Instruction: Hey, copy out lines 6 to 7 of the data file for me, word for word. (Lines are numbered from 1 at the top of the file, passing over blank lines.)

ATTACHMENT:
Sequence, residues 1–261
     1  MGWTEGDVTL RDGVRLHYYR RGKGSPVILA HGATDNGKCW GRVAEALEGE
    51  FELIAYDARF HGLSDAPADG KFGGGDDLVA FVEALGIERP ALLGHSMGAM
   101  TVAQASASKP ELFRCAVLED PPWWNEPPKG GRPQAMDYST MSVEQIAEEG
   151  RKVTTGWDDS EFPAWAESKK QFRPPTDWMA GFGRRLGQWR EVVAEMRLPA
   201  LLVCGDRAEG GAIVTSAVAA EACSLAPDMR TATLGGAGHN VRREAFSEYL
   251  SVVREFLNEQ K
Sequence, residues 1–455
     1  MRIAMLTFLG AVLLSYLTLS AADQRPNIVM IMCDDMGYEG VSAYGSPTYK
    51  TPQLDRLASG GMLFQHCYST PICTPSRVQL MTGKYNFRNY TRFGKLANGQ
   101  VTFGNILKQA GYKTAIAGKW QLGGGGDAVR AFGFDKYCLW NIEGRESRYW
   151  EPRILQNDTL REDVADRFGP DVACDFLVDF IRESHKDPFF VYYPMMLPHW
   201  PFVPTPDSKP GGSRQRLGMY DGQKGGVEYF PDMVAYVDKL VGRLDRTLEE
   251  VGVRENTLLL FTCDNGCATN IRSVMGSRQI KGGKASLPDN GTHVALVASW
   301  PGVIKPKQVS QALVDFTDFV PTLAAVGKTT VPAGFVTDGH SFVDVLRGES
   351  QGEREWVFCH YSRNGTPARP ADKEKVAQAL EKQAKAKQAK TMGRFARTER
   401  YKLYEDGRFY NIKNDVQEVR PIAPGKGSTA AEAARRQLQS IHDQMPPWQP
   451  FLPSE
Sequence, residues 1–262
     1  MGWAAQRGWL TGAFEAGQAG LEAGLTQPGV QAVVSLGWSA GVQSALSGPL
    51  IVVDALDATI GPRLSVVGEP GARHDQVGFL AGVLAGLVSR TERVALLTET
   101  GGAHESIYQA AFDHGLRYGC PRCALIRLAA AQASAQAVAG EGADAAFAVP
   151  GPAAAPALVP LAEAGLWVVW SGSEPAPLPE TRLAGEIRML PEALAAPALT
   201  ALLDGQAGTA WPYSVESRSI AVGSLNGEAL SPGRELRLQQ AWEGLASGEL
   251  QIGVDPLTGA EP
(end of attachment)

   201  LLVCGDRAEG GAIVTSAVAA EACSLAPDMR TATLGGAGHN VRREAFSEYL
   251  SVVREFLNEQ K